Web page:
Five Questions Students Should Be (But Aren’t) Asked
Ilona Dougherty, founder of Apathy is Boring and recent recipient of Canada’s Top 100 Women in 2015 has done some very interesting research around the shift in the number of students attending university. In her recent article, she found that ‘the number of students enrolled full-time in university has more than doubled since 1980, even though there are 3 per cent fewer Canadians between the ages of 18 and 24, according to Statistics Canada. But despite being the most educated generation of all time, they face poor job prospects when they graduate.’ And so I start to wonder why.
Using my own personal experience as a case study, I noticed that I graduated nearly blind to what my experience was really going to be like. My eyes were on the prize, and I was going to be consultant with one of Canada’s Big-Four. That was the dream. I had my suit picked, my extracurricular activities done, I was VP of one of the largest Student Unions in the country, became Class Ambassador for that same school, and couldn’t even get an interview with my ‘dream company’. Naturally I wondered if the five years I had spent in university were a waste of time. I knew what I wanted to do (be a consultant), and I knew what it was going to take (grades, volunteering, work experience and extracurricular activity).
What I discovered is that as a student I was often asked two questions:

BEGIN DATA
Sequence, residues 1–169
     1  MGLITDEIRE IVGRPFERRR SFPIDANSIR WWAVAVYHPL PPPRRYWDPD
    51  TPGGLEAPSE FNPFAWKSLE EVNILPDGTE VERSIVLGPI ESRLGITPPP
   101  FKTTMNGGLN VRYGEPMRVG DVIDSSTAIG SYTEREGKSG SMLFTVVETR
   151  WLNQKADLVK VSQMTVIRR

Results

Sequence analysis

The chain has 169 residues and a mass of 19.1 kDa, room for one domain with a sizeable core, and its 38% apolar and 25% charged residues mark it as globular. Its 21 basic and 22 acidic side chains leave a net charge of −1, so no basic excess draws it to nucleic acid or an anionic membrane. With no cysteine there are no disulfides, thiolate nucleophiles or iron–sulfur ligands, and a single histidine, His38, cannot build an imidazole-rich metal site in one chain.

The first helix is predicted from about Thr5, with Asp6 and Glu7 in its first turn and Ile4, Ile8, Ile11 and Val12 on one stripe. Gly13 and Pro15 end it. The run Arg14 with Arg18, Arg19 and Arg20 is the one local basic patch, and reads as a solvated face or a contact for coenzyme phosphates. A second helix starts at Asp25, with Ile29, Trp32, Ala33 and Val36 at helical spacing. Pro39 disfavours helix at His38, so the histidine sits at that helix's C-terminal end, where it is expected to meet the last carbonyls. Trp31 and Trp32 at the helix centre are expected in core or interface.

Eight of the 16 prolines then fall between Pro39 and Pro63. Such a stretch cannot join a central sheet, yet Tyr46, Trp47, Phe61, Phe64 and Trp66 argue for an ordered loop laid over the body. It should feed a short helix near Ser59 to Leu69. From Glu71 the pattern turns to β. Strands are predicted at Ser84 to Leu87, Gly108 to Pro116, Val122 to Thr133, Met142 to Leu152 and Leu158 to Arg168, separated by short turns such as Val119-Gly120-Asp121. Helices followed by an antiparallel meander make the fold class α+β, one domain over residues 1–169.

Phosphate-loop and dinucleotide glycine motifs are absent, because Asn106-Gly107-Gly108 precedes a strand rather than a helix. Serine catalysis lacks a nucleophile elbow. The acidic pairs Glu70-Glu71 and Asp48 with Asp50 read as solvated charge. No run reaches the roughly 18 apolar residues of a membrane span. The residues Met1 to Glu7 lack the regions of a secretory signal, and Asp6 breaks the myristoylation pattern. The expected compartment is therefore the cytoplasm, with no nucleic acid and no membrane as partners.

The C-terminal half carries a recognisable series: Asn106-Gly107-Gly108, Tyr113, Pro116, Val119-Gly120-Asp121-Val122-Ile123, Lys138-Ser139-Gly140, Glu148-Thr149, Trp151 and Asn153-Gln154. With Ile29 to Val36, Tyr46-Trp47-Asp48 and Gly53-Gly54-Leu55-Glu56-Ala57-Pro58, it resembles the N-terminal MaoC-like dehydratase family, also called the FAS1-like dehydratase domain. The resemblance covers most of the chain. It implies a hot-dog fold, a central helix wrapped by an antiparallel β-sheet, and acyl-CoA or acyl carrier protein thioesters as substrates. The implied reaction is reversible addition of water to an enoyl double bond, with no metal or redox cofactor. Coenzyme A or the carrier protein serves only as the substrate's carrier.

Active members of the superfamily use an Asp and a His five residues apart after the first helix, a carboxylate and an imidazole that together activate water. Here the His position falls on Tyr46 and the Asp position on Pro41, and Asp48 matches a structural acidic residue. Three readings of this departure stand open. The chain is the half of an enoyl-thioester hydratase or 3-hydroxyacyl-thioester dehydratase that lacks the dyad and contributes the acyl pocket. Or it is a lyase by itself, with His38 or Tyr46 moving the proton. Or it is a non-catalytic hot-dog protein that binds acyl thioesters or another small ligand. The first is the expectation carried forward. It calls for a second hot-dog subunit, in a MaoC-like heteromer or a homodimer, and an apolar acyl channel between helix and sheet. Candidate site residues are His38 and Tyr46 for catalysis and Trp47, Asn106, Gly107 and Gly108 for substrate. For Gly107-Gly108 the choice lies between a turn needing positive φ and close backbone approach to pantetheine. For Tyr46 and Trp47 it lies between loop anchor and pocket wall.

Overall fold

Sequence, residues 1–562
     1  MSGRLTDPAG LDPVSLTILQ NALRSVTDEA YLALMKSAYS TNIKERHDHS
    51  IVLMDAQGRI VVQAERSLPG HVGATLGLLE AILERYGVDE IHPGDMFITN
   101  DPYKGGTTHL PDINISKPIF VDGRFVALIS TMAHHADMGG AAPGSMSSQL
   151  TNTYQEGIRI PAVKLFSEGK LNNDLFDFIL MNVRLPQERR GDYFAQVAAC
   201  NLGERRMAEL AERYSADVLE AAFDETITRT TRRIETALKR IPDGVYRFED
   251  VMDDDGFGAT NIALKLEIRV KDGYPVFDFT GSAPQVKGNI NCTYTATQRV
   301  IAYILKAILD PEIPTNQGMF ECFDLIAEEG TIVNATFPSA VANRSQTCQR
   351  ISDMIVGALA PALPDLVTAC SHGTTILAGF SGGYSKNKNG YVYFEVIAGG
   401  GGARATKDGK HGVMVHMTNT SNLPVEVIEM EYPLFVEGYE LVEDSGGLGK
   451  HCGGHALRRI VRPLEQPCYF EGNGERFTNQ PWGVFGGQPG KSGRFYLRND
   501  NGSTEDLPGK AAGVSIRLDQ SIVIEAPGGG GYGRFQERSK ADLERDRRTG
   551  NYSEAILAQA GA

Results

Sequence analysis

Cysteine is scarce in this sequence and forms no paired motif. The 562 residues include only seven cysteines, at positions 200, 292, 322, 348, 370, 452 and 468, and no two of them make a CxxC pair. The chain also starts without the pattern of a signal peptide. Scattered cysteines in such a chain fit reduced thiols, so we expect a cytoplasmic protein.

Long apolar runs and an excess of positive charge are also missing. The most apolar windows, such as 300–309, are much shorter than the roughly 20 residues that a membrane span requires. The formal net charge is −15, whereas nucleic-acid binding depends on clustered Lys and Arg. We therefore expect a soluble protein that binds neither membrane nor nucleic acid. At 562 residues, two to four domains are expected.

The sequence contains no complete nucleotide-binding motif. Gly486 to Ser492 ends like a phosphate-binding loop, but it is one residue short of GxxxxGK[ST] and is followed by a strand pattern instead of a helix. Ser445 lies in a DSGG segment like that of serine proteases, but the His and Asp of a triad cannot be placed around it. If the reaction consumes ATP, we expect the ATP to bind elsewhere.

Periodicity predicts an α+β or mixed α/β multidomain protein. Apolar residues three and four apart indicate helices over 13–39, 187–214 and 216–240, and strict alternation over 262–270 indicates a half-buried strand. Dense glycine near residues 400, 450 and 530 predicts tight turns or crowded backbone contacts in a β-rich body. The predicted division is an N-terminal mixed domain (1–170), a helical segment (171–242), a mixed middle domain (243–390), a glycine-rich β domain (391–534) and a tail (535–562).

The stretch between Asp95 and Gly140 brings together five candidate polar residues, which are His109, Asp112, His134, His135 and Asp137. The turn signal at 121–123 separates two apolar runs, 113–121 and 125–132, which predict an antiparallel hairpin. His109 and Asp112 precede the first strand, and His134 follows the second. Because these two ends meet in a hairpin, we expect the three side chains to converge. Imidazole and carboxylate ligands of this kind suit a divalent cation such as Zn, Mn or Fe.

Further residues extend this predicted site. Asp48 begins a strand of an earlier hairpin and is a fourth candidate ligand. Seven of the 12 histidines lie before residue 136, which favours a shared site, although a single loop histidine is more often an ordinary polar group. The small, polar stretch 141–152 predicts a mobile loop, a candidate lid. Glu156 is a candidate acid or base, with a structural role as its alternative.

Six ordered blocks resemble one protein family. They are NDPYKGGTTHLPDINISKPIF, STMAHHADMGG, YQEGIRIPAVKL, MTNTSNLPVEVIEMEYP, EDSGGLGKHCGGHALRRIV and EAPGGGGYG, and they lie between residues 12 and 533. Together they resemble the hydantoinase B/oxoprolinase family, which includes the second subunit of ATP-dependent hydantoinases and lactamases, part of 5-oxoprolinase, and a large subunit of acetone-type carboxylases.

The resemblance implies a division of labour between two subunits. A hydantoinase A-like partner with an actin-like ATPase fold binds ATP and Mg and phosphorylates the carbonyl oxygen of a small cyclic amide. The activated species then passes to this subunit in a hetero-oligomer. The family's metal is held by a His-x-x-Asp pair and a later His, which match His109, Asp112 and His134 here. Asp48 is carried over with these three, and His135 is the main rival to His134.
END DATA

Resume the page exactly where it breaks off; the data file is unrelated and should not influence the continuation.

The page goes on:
- What do you want to do when you graduate?
- How are you going to do it?
Now thinking back, I’ve been consulting for two years, and truthfully I still don’t quite understand what consulting means. Consulting hasn’t been the focus because of the work necessarily; it has been because of the lifestyle it has allowed me to live. Come to think if it, it was the entrepreneurial experience that had done it, and the consulting has simply been a part of the journey.
And so I often think back to my experiences and ask students not what they want to do when they graduate, but instead I ask these five questions:
1. What difference do you want to make?
2. Where do you want to live?
3. What experiences do you want to have?
4. How do you want to do your work?
5. What life do you really want to live?
These questions are very important, as they are precursors to the ‘what you want to do’ and ‘how we’re going to do it’. If a student can better understand themselves, and know what job they want to fill based on what life it will allow them to live, then I believe we can start to turn the tables on extremely poor tenure in the workplace, the talent gap in jobs that don’t require a university degree, and perhaps even reduce the amount of young adults living in their parents’ basements.